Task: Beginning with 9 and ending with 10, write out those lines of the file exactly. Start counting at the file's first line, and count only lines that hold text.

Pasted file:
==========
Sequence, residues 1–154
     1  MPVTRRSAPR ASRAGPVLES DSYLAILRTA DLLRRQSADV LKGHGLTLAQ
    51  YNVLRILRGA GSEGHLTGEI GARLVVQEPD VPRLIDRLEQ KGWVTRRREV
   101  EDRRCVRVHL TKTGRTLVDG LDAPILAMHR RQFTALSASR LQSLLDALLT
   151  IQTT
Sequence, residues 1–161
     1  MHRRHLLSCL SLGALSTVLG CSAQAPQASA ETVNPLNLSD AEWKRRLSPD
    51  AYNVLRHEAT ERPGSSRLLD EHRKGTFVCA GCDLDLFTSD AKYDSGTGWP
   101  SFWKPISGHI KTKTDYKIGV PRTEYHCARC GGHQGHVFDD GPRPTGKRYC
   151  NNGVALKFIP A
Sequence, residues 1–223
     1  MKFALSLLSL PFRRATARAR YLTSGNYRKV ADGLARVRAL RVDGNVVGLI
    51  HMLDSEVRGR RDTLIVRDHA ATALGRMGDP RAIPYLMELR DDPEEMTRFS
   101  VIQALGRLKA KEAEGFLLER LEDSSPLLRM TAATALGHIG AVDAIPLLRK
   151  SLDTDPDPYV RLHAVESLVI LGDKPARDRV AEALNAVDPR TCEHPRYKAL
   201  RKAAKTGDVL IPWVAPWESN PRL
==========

   101  SFWKPISGHI KTKTDYKIGV PRTEYHCARC GGHQGHVFDD GPRPTGKRYC
   151  NNGVALKFIP A